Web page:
CS176B: Winter '11

Network Computing 


  • Googlegroup now open for new members
  • Discussion sections start on the second week of classes January 12.
  • First lecture: Monday January 3rd, 3:30PM, GIRV 2108

General Information

    Lectures: Monday/Wed, 3:30-4:45PM, GIRV 2108
    Professor: Ben Zhao, ravenben at cs.ucsb.edu
    TA: Gang Wang
    Sections: Wednesday 12-12:50PM at 932-101
    Office Hours:
    • Ben: Mondays 2:30PM-3:30PM, 1123 HFH
    • Gang: Fridays 1PM-3PM, CSIL

    Class Email List: cs176b-w11 Google Group
    Prerequisites: CS176A


Network-based applications provide the services that make up our daily interactions with the Internet possible.  Network applications permeate all facets of our lives today, spanning the gamut from online-grading at UCSB, to file-sharing networks, to UPS package tracking and online information repositories like GoogleEarth.  Even though using these network services is becoming easier, the development of network applications is still a complex activity that requires careful design and deep knowledge of the mechanisms underlying remote interaction.

This class presents the fundamental mechanisms and the protocols that are used in network-based applications. The class covers the basics of distributed programming and presents the principal application protocols used in the Internet today.  Our class goal is to provide students with the tools and the knowledge needed to develop scalable, efficient and secure network-based applications.

A special addition to this instance of CS176B is a recent focus on Smartphone-based network applications.  This quarter, in partnership with Microsoft Research, we will be implementing as part of you final "project" an interesting smartphone application on either the Android platform, or the new Windows Phone 7 platform.  Some student groups will work on Windows7 Samsung Focus Phones (Thanks to Microsoft Research and the Hawaii Project), while others will work on Motorola Androids (thanks to Google/Verizon).  More information will be given on the projects page as it becomes available.

Here is a rough list of some of the topics we'll cover in lecture. As we go along, certain topics will get cut, and others will be added on:
  • UNIX, C, TCP/IP, and the real world
    • autoconf, automake, and libtool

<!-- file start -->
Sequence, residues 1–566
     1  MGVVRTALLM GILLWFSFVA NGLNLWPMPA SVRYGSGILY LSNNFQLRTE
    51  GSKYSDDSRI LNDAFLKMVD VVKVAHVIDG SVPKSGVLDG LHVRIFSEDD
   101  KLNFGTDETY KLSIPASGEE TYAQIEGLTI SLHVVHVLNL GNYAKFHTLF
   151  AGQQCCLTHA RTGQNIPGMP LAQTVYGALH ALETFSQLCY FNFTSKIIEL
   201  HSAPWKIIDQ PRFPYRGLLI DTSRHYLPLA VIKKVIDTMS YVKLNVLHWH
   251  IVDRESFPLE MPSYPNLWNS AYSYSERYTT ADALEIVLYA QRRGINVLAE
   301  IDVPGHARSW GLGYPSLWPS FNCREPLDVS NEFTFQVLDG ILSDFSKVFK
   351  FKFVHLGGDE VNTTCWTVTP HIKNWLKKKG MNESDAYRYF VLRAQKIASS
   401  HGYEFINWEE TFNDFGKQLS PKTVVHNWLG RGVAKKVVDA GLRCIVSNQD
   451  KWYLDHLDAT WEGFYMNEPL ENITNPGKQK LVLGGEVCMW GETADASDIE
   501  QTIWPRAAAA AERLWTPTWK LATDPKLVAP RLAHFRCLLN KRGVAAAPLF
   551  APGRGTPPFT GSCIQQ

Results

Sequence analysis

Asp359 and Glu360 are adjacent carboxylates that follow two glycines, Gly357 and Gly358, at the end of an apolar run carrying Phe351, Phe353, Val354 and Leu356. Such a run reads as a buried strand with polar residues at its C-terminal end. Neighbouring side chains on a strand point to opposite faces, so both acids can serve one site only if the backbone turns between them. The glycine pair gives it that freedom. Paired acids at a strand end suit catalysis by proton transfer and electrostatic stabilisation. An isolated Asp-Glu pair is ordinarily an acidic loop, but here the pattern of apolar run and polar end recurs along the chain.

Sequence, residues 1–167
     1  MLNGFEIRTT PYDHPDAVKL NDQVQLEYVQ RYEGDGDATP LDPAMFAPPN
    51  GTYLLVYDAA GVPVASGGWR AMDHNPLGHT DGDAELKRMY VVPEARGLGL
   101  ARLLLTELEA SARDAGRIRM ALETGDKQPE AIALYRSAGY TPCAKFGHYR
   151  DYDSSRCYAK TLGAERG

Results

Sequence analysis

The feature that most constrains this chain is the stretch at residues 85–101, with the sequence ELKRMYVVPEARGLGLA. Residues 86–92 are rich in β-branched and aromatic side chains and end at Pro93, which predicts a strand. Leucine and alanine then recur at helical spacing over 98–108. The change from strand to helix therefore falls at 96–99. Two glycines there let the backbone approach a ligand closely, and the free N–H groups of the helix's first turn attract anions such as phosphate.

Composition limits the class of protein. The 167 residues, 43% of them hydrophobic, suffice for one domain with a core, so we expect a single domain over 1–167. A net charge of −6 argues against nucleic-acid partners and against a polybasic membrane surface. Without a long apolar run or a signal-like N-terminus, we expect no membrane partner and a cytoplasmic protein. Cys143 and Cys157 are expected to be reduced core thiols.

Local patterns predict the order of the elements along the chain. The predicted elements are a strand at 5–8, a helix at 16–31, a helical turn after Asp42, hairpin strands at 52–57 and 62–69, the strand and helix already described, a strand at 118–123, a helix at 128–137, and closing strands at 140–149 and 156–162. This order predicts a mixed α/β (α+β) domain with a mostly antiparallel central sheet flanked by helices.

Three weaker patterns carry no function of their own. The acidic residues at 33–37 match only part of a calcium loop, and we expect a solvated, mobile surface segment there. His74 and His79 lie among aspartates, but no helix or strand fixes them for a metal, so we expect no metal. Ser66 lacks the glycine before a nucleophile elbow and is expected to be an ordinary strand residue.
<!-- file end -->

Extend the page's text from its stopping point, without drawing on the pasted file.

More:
• tcpdump, libpcap, libnet, netcat
    • Security caveats
  • Client-server programming
    • Socket programming
    • RPC programming
  • Data formats and data translation
    • XDR
    • MIME
    • HTML, CSS, XML, XSL and XSLT
    • SOAP
  • Secure communication
    • SSL, TLS
    • X-Mime, Signed/Encrypted XML
    • OpenPGP
  • Infrastructure services
    • Naming: DNS and extensions
    • Routing protocols: RIP, OSPF, BGP
  • Application protocols
    • HTTP, URI/URLs
    • SMTP
    • SSH
    • FTP
    • SNMP
  • Web-based Applications
    • The Apache web server
    • Server-side scripting (PHP, Perl)
    • Client-side scripting (JavaScript)
    • Web access to databases (MySQL)
  • Advanced topics
    • Peer-to-peer networks
    • Anonymous communication
    • Online social networks
    • Smartphone applications and platforms

Internetworking with TCP/IP, Vol. III: Client-Server Programming and Applications (Linux/Posix Sockets Version), by Douglas E. Comer and David L. Stevens, Prentice Hall, 2001.

Class Quizzes
Class participation is a critical part of your evaluation in the course.  This means coming to class and actively learning the material.  To encourage (on-time) attendance to each class, I will be scheduling a sequence of 5-7 short quizzes throughout the quarter. These quizzes are scheduled more or less randomly, and generally include a single straight-forward question on material from the previous lecture.  Missing a lecture day when a quiz is announced means a zero score on the quiz.  Note that I am more likely to announce a quiz on a day when I see fewer students showing up at lecture. 

Grading Policy

Your quarter grade will be derived from 3 homework assignments, class quizzes, and a midterm exam.